Open Debate and NARTH’s Paranoia

Jim Burroway

January 22nd, 2008

Ex-Gay Watch’s David Roberts noticed that the National Association for the Research and Therapy of Homosexuality (NARTH) has posted six videos from their 2007 conference on their web site. I haven’t had a chance to look at their videos yet, but you don’t have to look far to see something very odd — like this red-lettered warning at the top of the page:

Video on this web site cannot be copied, reproduced, downloaded or used in any way other than for viewing on the NARTH web site. Any violation thereof will be prosecuted to the full extent of the law.

That same message appears on each video’s opening screen. And in each video, there’s a permanent subtitle, “Property of NARTH.com,” which remains at the bottom of the screen throughout the video.

NARTH Video Warnings

Aside from the technical difficulties of complying with this warning (most media players silently download an copy of the video while playing it — is my mother in trouble because she doesn’t know how to clear her cache?), a much bigger question looms: what is NARTH afraid of?

Copyright law already holds that nobody can copy someone else’s work — even with attribution — without obtaining prior permission from the owner of that work. NARTH’s property is already protected by law just as Box Turtle Bulletin’s is, so it can’t be that.

Companies and nonprofits routinely generate material which they consider “proprietary” and are strictly controlled according to who has access to the information and how it is handled. This kind of information, which typically includes competition-sensitive data, is further protected by law beyond the normal copyright restrictions. But putting “proprietary information” on the World Wide Web for free and without any sort of firewall removes the sensitive nature of the information, and such protections become moot. Clearly, NARTH isn’t afraid of the information “falling into the wrong hands,” so it can’t be that either.

Copyright law also holds that very brief quotations from someone else’s work can be copied when offering a critical examination of that work or the ideas behind it. Those brief copies are protected under a legal principle known “Fair Use.” NARTH’s attempt to run around copyright law notwithstanding, it’s a critically important part of free debate and examination. It’s the principle that allows writers to write book reviews without having to obtain prior permission for brief quotes. It’s also the principle that allows theologians, theoreticians, scientists and other academics to debate and critique each other’s work, free from the stifling strictures of prior permission. In sort, it also allows for the free discussion of differing worldviews, values and philosophies which make informed debate possible. And since NARTH claims they’ve consistently called for “an openness to differing worldviews, values and philosophies,” surely their objection isn’t that, is it?

So what is NARTH worried about?

Are they worried that a critical watchdog group might — oh, I don’t know — use a very small snippet from their own statements in order to examine and critically discuss some of those “differing worldviews, values and philosophies” — and how they impact real people, real families, and real sons and daughters?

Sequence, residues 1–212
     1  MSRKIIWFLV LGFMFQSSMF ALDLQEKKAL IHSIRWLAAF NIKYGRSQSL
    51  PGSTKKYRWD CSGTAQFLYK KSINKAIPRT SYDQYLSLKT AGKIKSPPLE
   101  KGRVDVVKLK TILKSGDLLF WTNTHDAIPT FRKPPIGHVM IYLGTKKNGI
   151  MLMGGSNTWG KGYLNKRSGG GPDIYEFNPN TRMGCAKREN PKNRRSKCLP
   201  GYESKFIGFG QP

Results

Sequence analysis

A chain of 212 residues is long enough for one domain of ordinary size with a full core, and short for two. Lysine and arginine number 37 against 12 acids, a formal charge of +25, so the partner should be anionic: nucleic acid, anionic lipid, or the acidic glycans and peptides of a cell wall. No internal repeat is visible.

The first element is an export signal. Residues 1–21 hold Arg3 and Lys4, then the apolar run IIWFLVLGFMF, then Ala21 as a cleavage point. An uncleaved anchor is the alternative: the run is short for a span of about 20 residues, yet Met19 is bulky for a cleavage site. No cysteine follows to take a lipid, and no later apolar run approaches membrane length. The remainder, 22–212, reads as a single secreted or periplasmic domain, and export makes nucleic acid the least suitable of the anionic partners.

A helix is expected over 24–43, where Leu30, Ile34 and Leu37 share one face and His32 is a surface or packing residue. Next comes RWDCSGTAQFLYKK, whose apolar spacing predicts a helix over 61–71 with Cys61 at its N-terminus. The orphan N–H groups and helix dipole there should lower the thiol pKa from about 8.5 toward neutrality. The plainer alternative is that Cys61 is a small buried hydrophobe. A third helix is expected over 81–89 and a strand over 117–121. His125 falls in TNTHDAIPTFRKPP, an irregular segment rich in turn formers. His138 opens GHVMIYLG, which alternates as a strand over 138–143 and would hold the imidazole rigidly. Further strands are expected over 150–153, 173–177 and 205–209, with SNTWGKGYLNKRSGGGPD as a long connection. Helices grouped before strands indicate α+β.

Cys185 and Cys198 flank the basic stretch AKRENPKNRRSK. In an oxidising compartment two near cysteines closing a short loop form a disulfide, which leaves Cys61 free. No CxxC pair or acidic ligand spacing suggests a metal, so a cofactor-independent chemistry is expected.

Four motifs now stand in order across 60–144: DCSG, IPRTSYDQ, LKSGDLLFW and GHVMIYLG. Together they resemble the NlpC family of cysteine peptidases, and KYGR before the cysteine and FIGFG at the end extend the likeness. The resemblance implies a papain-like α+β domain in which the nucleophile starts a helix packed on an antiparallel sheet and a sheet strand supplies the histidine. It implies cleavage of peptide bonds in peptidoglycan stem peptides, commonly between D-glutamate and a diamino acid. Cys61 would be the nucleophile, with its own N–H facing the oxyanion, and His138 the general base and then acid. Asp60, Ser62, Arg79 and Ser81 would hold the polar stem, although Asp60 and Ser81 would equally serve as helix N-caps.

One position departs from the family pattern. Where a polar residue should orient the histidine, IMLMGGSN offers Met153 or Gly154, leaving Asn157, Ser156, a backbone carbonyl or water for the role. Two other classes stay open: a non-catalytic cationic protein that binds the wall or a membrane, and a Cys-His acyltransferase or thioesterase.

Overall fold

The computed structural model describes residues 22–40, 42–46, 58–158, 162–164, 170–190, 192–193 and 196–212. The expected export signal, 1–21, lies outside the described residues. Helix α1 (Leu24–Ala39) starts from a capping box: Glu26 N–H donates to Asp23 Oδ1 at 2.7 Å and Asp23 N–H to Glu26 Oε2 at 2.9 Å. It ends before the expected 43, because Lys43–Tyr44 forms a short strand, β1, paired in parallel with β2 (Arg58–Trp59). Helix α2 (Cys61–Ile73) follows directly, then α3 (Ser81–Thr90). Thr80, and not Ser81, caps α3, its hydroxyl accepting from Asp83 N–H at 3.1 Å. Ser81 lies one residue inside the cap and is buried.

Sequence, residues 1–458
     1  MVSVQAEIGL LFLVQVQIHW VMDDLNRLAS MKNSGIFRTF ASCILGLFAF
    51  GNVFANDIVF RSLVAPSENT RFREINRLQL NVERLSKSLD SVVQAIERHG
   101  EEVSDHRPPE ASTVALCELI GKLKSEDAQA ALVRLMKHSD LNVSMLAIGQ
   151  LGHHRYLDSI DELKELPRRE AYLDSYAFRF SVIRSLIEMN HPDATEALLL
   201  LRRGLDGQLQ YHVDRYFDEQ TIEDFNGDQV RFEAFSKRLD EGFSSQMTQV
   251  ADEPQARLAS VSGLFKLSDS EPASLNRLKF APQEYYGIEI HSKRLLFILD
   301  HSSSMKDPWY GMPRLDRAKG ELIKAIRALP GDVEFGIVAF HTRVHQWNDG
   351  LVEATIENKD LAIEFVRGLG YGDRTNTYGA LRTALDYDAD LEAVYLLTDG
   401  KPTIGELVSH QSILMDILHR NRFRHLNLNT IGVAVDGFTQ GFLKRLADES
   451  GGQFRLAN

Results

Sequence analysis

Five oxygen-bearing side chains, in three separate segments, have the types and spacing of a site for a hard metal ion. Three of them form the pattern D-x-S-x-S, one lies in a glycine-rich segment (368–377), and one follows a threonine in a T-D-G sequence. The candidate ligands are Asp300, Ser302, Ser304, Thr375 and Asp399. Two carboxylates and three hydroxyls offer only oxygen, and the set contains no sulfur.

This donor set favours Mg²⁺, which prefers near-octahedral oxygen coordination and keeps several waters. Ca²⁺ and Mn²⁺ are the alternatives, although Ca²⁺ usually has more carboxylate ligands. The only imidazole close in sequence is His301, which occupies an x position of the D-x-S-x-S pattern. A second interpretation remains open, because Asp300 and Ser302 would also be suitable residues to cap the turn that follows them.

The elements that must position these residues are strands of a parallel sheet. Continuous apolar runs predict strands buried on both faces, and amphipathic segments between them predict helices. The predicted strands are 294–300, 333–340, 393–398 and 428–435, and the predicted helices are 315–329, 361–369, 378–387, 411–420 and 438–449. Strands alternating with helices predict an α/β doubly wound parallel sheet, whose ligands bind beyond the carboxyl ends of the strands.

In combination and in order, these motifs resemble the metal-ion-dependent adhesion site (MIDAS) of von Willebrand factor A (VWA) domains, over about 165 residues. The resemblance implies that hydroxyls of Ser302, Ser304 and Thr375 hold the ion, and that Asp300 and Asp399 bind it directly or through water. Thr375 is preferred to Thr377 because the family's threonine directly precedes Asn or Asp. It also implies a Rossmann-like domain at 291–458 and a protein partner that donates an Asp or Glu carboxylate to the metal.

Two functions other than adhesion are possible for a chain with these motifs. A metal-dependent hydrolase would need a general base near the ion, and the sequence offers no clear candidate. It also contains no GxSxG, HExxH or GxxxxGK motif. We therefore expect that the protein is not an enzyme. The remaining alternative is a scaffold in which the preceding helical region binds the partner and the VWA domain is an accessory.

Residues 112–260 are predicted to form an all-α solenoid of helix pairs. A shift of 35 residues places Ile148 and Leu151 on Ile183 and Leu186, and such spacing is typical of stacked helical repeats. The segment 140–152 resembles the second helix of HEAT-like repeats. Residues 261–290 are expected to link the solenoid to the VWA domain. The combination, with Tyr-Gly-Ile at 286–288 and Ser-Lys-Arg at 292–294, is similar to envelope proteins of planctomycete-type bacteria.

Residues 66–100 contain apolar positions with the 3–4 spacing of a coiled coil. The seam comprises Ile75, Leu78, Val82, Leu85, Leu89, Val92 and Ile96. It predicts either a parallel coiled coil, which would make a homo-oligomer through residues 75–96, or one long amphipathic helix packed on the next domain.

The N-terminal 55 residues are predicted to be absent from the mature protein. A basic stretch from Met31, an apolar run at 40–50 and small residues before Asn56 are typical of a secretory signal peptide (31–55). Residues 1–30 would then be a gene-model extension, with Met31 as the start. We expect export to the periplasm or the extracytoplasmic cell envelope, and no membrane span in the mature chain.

YouTube Preview Image

If that’s what NARTH is afraid of, then their latest attempt to infringe upon the legal principles of “fair use” is simply laughable in the face of their claims of wanting open debate for “differing worldviews, values, and philosophies.” David Roberts observes:

It’s hard not to find some humor in a character like [past NARTH president Joseph] Nicolosi, but this truly is a silly thing to do. Like the process by which reparative therapists form their claims, hording information and discussion like this is really the antithesis of what scientific thought is all about. If they truly believe their claims will hold up under scrutiny, well then let others scrutinize freely.

Hat tip: Ex-Gay Watch.

Mike Airhart

January 22nd, 2008

It seems obvious to me that NARTH intends to lob frivolous litigation at anyone who dares to review their videos.

NARTH also intends to publicize how critics are “stealing” their “intellectual property” and violating copyright by merely reviewing the videos.

The litigation would fail in court, but most journalists and reputable bloggers are too afraid of the time and cost of a fight to challenge NARTH.

quo III

January 22nd, 2008

I think writing an article about this is making a big deal out of a very minor matter.

Samantha Davis

January 22nd, 2008

That’s all well and good, Jim, but what are the legal ramifications of this? More to the point, what are you going to do about it?

Benton

January 23rd, 2008

Minor matter? How can stifeling discussion on an important matter be minor? If we cannot discuss the points made, then we cannot advance any kind of critical thinking on the situation.

Shane

January 23rd, 2008

To me, NARTH’s desire to limit access to their videos shows a fear of criticism. In a free market, if your products are good and worthwhile, you want your name and product to get out there. You don’t threaten lawsuits. So, I think they must know their junk-science looks like well, junk when analyzed.

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